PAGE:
#238: The Lady Is For Burning!/The More Things Change… (****), #239: Wendy’s Friends (***),
#240: Exodus (**), #241: Render Unto Caesar! (***), #242: Terrax The Untamed (***),
#243: Shall Earth Endure? (***), #244: Beginnings and Endings (***),
#245: Childhood’s End (****), #246: Too Many Dooms (****), #247: This Land Is Mine! (****),
#248: Nightmare! (**), #249: Man and Super-Man! (****)
There are shackles binding John Byrne’s creativity at this stage: not only is he still spending around 10% of his time sending love letters to Stan and Jack (His Galactus epic contains a story title “Shall Earth Endure?" the exact same title as #77, which was also an instalment in a Galactus tale. #74 also goes by the title of “When Calls Galactus", which isn’t the actual title of #244, but does make it to the front cover) but he’s also constricted by having to tie up loose ends. So it is a throwaway end panel with Medusa captured from 33 issues, 2 years, 9 months and three writers earlier is finally resolved, as is the secret of Frankie Raye. Raye? She’s Johnny’s on-off girlfriend, which John cleverly rewrites as someone with whom Johnny has had an unseen relationship with, rather than the reality of someone who was introduced and discarded by writers, a character forgotten when Johnny spent the Moench issues dating Lorrie Melton. Still, if anyone can forget the history of what took place post-Lee it’s John, and so we get Raye reconfigured as a flame-crossed lover for Johnny. As a she-Torch, and also a follow-up to Fire Lord as a Galactus herald, it’s marginally less silly than the later She-Thing of the same decade, but this is still a title that seems to not be allowing John to have his own voice… yet.
Innovations in the run include the FF finally opening a public reception area (peopled by the android Roberta, unnamed here) on the floor below their headquarters, and the Thing reverting back to an earlier, lumpy form. There are also innovations within the issues, like having two stories in one (#238) or toying with the occurrence of the splash page. Perhaps most notable is the way John shifts attention away from the group’s powers. Often they’re given an enemy that can’t be defeated with their powers (#239), have their powers stripped away (#241), have enemies so empowered that their own are rendered virtually useless (#245, #249) or even have no enemies to speak of at all (#238, #240). Possibly the biggest change is a subtle one from the November issue (a change that runs up until #295) involving Johnny, Sue and Franklin. I’ll just say “collars and cuffs" and leave it at that.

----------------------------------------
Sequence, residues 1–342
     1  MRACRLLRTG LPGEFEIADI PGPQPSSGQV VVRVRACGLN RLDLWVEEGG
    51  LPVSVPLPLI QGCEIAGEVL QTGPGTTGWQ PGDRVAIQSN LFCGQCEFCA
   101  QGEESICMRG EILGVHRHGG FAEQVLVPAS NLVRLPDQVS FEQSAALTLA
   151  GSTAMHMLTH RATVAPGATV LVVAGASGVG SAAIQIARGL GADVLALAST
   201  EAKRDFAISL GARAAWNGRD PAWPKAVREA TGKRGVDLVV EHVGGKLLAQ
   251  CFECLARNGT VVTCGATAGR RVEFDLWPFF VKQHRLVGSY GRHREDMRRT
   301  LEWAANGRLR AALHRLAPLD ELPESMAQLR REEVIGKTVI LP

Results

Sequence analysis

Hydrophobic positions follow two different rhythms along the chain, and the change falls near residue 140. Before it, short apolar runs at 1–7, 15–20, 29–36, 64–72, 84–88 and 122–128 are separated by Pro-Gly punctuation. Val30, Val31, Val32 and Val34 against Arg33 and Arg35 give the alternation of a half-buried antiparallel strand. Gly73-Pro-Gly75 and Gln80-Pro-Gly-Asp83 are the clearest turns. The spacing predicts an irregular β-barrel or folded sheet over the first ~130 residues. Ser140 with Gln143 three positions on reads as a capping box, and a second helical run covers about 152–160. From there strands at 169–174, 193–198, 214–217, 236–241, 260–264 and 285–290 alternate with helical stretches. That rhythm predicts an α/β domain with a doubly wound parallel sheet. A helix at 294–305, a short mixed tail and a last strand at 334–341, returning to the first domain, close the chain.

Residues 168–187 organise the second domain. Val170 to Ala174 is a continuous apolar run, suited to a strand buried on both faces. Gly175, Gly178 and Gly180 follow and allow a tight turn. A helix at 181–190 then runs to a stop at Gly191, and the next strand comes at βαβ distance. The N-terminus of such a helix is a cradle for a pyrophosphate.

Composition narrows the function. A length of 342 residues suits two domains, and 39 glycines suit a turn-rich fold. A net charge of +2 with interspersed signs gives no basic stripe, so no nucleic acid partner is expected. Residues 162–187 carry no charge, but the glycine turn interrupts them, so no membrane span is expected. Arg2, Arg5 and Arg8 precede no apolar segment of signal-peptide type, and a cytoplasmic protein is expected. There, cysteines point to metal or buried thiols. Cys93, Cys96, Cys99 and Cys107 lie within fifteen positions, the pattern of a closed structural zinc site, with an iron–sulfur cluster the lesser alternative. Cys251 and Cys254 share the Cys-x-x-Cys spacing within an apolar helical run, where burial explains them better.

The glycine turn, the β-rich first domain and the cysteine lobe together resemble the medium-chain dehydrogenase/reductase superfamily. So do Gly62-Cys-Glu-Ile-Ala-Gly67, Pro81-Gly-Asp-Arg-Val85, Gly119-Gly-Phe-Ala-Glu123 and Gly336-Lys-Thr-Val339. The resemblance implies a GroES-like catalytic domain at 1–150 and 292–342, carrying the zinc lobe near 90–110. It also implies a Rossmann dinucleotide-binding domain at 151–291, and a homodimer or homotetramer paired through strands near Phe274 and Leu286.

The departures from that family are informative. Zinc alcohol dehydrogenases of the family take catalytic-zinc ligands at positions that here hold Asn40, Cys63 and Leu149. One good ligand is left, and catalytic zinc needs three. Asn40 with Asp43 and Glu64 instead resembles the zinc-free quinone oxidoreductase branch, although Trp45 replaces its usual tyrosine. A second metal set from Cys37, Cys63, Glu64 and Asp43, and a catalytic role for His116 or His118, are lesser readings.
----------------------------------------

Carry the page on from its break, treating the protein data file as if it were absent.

Stories contained in the run include the part-inspired, part-dreadful “Wendy’s Friends", where a group of extra terrestrials judge a townsfolk, including a child beater. Probably better than I’ve rated it is the Galactus trilogy from June-August, which isn’t bad storytelling, but none of it – from Frankie Raye’s paper-thin motivation to Galactus waxing lyrical about the nature of friendship – rings true. There are also occurrences of stilted writing, of which “Realisation blooms like a dark rose in Susan’s mind" has to be high on the list.